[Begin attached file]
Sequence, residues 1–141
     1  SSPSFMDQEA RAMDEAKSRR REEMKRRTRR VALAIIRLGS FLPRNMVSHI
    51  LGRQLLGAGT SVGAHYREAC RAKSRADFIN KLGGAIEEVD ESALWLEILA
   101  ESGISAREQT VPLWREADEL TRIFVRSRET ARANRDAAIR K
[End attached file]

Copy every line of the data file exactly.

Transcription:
Sequence, residues 1–141
     1  SSPSFMDQEA RAMDEAKSRR REEMKRRTRR VALAIIRLGS FLPRNMVSHI
    51  LGRQLLGAGT SVGAHYREAC RAKSRADFIN KLGGAIEEVD ESALWLEILA
   101  ESGISAREQT VPLWREADEL TRIFVRSRET ARANRDAAIR K